QUEBEC - After weeks of battle against the Quebec government, public rifts are increasingly emerging within the province's restless student ranks.
A season of anti-tuition protests, featuring red-clad students marching in unison, has given way to more divisive scenes as the semester winds down.
Now there are legal fights and, on Tuesday, even a bomb threat that cleared out one school.
The latest developments centre on one general question: Should striking students go back to class, or continue mass walkouts and risk having their semester extended or cancelled?
Several students have taken legal action in recent days to force an immediate reopening of their classrooms, with one such move finding success in Alma, Que., one failing in Montreal, and there was one mixed result Tuesday in Quebec City.
There has been a chaotic response this week after a court ordered the reopening of a junior college in Alma, with students now struggling over how to respond. Some students have stacked up piles of desks in protest, others have urged peers to leave their classrooms and, on Tuesday, the school had to be evacuated after someone reported a bomb threat.
One student-group spokesman blames the government for these problems. If only the government would sit down and negotiate with the protest groups, he says, such scuffles wouldn't be happening.
Because the government refused to meet with student leaders, and ignored the will expressed in peaceful protests, he said some young people are now starting to "radicalize."
"If we want to ease tensions, the government needs to sit down at a discussion table with student associations, so that this doesn't transform into a social crisis," said Leo Bureau-Blouin.
"This (situation) clearly risks creating conflicts among students — and we, on the contrary, want to avoid them."
Meanwhile Tuesday, a university student in Quebec City became the latest to file a court challenge against the protest movement; he won an injunction to have one of his classrooms reopened.
Laurent Proulx convinced a Quebec Superior court judge that the strikes, declared by various student associations after votes at public assemblies, should not be able to keep him from going to one of his classes.
The court granted him an injunction that reopened an anthropology class he's enrolled in at Laval University in Quebec City.
His University Laval class — titled "Anthropology of conflicts and violence" — had been shut down since Feb. 14.
When Proulx returned to class Tuesday afternoon, he was not obstructed physically but he was subjected to taunts from fellow students who accused him of selfishly selling out their cause. Standing in the hallway, a crowd of students chanted, "Me! Me! Me!" after he walked in. Other pro-strike students filled the classroom, and some blocked or shoved media members trying to get images.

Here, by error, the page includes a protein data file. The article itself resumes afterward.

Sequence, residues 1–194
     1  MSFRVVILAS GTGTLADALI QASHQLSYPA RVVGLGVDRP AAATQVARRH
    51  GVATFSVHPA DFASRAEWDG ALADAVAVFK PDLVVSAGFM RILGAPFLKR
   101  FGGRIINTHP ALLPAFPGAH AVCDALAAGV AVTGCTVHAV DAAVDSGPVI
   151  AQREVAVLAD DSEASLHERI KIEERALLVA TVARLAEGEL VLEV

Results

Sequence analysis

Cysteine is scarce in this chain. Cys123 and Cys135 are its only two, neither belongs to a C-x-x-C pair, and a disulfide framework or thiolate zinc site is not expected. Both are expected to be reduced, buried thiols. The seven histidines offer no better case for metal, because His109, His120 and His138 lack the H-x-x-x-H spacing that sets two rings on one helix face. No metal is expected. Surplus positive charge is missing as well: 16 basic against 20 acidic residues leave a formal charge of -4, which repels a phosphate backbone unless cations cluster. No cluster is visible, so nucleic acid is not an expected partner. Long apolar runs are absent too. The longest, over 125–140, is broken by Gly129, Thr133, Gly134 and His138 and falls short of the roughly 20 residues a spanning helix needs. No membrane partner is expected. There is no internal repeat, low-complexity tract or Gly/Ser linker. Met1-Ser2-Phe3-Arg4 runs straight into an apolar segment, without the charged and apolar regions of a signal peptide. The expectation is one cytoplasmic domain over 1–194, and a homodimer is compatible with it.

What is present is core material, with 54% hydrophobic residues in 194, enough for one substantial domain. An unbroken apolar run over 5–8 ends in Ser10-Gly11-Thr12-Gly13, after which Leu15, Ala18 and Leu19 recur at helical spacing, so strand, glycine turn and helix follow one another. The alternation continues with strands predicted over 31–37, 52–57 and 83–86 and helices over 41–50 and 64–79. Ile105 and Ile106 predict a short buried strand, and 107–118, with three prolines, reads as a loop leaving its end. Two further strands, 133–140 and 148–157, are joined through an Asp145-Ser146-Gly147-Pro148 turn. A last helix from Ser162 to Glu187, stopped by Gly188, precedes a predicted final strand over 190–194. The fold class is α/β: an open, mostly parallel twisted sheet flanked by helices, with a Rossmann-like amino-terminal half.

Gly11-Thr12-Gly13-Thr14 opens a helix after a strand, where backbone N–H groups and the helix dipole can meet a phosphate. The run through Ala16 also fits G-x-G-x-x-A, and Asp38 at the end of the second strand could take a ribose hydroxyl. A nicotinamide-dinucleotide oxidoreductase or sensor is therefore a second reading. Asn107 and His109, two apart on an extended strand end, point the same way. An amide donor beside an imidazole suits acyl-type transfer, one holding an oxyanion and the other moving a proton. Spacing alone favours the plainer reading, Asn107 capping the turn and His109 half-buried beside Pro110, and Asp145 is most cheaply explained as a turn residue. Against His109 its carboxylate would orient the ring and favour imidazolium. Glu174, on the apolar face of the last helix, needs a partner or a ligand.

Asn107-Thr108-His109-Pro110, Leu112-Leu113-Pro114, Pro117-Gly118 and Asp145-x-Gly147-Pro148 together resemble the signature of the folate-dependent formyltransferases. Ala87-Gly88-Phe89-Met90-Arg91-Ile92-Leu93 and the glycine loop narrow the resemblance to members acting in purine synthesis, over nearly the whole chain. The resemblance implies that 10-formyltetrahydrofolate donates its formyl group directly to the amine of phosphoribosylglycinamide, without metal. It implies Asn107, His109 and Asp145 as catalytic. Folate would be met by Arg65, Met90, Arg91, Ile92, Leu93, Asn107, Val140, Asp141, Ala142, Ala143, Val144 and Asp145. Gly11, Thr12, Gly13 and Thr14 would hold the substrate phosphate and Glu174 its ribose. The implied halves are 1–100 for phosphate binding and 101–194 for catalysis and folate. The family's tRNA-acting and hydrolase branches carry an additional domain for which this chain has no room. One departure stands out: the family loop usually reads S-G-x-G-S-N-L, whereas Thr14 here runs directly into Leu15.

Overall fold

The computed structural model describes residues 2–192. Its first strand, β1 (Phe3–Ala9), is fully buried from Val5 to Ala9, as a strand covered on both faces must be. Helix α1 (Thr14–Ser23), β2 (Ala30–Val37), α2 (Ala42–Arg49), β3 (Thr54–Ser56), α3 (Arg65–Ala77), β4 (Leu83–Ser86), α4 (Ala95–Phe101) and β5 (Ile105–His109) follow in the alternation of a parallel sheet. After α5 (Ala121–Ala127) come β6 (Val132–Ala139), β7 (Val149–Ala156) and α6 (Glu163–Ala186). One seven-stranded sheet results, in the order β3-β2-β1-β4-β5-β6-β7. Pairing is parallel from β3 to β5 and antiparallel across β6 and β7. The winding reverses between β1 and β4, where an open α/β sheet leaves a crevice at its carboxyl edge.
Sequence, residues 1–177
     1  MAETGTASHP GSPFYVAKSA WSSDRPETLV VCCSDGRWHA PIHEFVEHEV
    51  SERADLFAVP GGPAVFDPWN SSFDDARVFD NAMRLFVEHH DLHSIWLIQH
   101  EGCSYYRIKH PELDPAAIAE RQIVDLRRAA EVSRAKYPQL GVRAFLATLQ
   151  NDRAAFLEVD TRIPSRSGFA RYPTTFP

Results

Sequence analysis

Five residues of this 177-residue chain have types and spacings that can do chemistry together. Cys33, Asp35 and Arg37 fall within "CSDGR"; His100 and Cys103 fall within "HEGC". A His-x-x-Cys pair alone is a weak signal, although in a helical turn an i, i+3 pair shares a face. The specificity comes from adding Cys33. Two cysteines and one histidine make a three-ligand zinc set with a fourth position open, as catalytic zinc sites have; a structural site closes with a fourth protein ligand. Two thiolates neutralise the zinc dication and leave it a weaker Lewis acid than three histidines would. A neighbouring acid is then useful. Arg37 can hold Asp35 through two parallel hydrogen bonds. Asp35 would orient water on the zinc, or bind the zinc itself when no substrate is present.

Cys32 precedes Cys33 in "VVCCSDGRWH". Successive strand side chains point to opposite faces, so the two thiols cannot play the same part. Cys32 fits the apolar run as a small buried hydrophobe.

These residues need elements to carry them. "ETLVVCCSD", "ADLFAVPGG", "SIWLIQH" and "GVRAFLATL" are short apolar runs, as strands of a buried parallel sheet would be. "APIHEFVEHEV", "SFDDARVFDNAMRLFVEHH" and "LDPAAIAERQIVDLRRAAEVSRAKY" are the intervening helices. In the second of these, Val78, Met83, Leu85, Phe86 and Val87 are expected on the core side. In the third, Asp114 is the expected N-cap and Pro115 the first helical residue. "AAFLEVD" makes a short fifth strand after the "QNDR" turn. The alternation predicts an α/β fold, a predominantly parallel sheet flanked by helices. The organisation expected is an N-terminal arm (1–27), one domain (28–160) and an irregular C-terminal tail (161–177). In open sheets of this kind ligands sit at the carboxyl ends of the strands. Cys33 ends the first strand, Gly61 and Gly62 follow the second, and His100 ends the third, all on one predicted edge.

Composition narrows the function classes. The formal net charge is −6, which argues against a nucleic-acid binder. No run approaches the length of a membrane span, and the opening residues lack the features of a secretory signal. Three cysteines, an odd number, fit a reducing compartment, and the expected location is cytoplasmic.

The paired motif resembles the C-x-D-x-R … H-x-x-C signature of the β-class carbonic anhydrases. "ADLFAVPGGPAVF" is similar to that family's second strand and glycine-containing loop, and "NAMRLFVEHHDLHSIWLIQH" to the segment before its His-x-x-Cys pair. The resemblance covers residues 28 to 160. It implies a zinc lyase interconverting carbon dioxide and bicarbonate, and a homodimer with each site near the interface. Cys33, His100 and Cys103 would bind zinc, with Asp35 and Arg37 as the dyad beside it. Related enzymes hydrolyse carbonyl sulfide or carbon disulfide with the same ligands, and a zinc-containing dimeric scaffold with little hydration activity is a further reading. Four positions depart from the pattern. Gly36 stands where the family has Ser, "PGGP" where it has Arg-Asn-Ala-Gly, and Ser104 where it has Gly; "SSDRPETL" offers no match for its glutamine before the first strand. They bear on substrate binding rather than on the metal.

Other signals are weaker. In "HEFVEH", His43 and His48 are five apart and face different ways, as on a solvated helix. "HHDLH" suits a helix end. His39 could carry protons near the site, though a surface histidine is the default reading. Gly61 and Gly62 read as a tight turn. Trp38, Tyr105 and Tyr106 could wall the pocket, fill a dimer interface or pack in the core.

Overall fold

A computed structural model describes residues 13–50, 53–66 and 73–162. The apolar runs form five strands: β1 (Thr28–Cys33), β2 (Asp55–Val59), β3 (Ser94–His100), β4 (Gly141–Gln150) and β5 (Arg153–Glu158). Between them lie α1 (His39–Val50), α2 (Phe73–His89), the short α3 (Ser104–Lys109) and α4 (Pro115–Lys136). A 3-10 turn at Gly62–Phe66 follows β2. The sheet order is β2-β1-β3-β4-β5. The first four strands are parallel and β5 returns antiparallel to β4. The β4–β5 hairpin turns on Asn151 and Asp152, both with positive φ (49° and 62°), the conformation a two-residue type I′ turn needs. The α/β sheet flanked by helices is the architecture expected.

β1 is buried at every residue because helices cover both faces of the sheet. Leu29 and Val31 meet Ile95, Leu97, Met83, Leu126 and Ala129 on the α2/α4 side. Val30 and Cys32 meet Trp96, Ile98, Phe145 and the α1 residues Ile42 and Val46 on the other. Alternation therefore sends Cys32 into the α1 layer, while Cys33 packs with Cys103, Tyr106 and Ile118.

Proulx had successfully argued in court that he needed to finish his class immediately, because he has a job lined up this summer. He also argued that a delay could harm his chances of getting into law school.
The 24-year-old, a former soldier, has drawn parallels between his current struggle and his past deployment in Afghanistan in 2007 and 2008.
"I risked my life so that women and Afghan children could go to school (without) coercion by a social cause or ideology," he said outside the courthouse this week.
"And now, I return to Canada to try educating myself with the money I saved, to become a better asset to society, and they tell me: 'We have a just social cause to defend, so you don't get access to education.' That's something I'm denouncing."
Proulx only won a partial victory in court, however.
The court granted him an injunction that applies to one anthropology course, but not to the rest of the shuttered Universite Laval classes.
Tens of thousands of students have walked out on their studies to protest the Quebec government's move to increase tuition by 75 per cent over five years.
Students say they want the government to negotiate with them, although their demands have varied. Some want the $325-a-year, five-year, hikes cancelled. Others are asking for tuition to be eliminated altogether, as has happened in some jurisdictions in Europe.
The provincial government says it's willing to discuss more generous bursary-and-loan programs — but won't back down on the tuition hikes.
Even with the increases, five years from now, the government says Quebec will still have among the lowest tuition in Canada.
And it warned students that time is running out on their semester.
Education Minister Line Beauchamp warned that it would require "organizational gymnastics" to save the semester if strikes dragged on past the upcoming Easter weekend.
She also took a shot at the democratic legitimacy of the protest leaders. Beauchamp suggested that the public assemblies where groups have voted to strike fall short of democratic standards, and that some students may have felt pressured to go along with the very vocal protest movement.
She said the government — not protest leaders — are an expression of the people's voice. If students want to be truly democratic, all strike votes should be held by secret ballot, as normal elections are, she said.
"We're ... talking about a (tuition) decision made by a democratically elected government, supported by another party in the national assembly (the Coalition For Quebec's Future)," Beauchamp told reporters.
"The (student) votes should be held secretly — and be held without intimidation."
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